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This question already has an answer here:

just want to ask, I have a .tif file that contains all the elevation of a country. How can I convert that to a CSV file that contains x,y,z values where x and y are the latitude longitude respectively and the z column is the elevation. Is that possible using QGIS? thanks!

marked as duplicate by radouxju, AndreJ, Fezter, whuber Feb 21 '14 at 16:10

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  • I think this question, although technically a duplicate, does have merit because it highlights a 'gotcha' in the operation of the QGIS UI. – MappaGnosis Feb 21 '14 at 13:19
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Go Raster->Conversion->Translate and then set the output to ASCII XYZ from the drop-down menu when you specify the output file.

An alternative ASCII format you may care to consider is the ESRI ASC format, which is smaller because it only lists the height (Z) and has a header which sets the raster origin and resolution. The Xand Y fields are now superfluous as a raster is a regular grid.

ASCII is a poor way of storing rasters though and you'd be better off with a GeoTif or JPEG.

EDIT: Working around a 'gotcha' in the QGIS translate dialog:
The Translate tool in QGIS has a major 'gotcha'. It doesn't automatically change the output format in the command line parameters, so changing the type in the output file doesn't automatically do anything other than change the extension of the output file name. The actual output encoding remains as the default GTiff. So, you must manually edit the command line parameters. To do this, set up the translation as normal and then click the little yellow pencil at the bottom of the dialog box (1). Then edit the command line so that the -of parameter reads XYZ (in this case) instead of GTiff (2).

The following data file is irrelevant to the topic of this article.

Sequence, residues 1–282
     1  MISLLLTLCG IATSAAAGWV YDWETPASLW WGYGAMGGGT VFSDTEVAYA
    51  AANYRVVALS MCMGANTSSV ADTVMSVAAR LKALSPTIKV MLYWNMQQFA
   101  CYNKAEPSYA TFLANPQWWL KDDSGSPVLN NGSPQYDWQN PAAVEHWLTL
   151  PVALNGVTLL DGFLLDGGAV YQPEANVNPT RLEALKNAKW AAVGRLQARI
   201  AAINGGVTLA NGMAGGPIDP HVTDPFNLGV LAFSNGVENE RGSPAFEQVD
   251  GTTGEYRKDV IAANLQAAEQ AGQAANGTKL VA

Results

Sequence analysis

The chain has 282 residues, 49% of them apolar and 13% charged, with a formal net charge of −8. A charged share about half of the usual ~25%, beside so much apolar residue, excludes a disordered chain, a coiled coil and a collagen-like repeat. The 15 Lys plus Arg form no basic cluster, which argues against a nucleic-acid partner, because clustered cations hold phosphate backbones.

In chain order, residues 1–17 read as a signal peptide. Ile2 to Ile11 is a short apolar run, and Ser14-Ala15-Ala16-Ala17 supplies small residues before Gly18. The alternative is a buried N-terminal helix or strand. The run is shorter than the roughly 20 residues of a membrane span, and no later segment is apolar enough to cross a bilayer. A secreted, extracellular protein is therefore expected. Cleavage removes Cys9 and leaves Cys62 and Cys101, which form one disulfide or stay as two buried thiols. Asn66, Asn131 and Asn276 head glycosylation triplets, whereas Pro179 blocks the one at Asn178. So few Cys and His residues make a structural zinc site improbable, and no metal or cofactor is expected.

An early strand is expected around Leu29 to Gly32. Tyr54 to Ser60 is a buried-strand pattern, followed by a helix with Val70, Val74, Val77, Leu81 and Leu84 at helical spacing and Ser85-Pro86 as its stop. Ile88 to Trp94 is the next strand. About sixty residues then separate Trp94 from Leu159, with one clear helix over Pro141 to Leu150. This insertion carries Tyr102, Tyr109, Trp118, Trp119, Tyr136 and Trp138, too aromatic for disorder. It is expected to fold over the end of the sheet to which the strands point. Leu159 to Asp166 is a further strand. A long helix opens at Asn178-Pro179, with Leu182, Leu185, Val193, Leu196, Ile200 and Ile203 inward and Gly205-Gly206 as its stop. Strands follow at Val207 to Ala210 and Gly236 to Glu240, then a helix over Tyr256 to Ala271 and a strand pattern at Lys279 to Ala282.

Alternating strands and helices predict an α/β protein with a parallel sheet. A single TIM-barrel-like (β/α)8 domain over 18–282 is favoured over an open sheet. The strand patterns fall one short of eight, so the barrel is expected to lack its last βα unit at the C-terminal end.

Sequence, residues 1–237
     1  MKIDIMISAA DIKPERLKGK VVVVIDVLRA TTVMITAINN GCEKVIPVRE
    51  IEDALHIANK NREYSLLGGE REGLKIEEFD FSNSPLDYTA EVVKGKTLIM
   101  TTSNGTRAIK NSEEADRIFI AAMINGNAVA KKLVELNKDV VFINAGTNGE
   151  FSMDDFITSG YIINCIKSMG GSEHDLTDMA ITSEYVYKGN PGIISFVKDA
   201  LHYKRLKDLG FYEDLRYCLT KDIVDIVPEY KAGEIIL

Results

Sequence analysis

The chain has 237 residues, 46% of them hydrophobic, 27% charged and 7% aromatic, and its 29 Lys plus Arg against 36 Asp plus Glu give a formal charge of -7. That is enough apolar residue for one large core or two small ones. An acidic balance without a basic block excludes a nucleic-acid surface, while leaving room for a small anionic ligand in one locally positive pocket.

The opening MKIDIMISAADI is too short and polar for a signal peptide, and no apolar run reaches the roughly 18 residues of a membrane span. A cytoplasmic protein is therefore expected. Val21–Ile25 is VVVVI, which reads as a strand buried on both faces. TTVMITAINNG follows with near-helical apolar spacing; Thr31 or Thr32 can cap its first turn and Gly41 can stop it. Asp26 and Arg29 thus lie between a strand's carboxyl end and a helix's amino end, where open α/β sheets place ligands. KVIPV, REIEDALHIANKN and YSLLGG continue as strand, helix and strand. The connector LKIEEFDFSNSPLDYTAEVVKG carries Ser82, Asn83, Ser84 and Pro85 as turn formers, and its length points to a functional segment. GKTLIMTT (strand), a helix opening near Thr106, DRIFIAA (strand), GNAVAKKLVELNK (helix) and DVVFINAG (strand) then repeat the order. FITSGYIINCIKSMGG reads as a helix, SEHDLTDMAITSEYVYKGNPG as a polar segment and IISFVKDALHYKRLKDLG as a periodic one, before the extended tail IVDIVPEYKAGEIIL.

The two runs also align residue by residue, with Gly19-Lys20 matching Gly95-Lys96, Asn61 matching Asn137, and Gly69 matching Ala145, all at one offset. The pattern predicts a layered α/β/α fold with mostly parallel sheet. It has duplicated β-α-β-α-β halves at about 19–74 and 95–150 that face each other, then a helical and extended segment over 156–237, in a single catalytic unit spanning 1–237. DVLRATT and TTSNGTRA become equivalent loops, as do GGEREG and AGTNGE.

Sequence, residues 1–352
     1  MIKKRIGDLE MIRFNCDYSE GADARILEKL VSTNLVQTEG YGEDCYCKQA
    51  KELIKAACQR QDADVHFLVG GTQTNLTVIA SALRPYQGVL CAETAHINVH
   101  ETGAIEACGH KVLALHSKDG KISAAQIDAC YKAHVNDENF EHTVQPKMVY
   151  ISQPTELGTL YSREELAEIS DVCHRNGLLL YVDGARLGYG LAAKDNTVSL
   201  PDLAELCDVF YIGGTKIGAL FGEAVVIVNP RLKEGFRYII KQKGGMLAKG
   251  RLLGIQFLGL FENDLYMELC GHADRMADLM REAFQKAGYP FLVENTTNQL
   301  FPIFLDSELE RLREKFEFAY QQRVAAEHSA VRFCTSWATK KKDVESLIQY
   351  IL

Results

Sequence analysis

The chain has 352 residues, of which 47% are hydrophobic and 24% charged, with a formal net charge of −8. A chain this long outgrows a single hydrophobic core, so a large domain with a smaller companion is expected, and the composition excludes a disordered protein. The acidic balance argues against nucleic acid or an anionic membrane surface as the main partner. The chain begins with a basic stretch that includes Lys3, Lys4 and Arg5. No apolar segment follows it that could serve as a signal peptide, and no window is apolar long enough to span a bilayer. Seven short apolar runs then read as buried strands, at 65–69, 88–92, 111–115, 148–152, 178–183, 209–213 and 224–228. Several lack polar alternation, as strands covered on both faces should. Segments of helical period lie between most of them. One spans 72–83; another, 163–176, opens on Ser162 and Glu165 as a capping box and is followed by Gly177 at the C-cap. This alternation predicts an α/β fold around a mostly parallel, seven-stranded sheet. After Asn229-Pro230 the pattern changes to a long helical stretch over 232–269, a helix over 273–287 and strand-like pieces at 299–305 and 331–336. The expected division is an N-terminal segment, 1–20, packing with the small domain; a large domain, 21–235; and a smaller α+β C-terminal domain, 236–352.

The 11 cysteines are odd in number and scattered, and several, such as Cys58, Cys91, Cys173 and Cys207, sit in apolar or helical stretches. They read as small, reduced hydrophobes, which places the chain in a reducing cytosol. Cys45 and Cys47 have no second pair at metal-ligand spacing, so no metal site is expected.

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  • I already tried this but when I viewed the results using a text editor, I got a text file that I don't understand. THe outputs are only numbers and letters probably a machine readable text. I didn't get the xyz columns. Any help? – user2637781 Feb 21 '14 at 12:01
  • You've been caught out by a 'gotcha' in the dialog box so your output is actually still encoded as a GeoTiff. Please see my edit to see what to do to coerce it to an XYZ. – MappaGnosis Feb 21 '14 at 13:17
  • Thank you very much for the help.. I'll try this.. Sorry I am just a newbie in QGIS – user2637781 Feb 21 '14 at 13:50
  • You've got to start somewhere! Also, this gotcha, still catches me out - I should probably file it as a bug! – MappaGnosis Feb 21 '14 at 14:08
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That's an easy task using gdal_translate or gdal2xyz.

I not sure of how to do it exactly with qgis. Probably with the GDAL Tools Plugin is possible.

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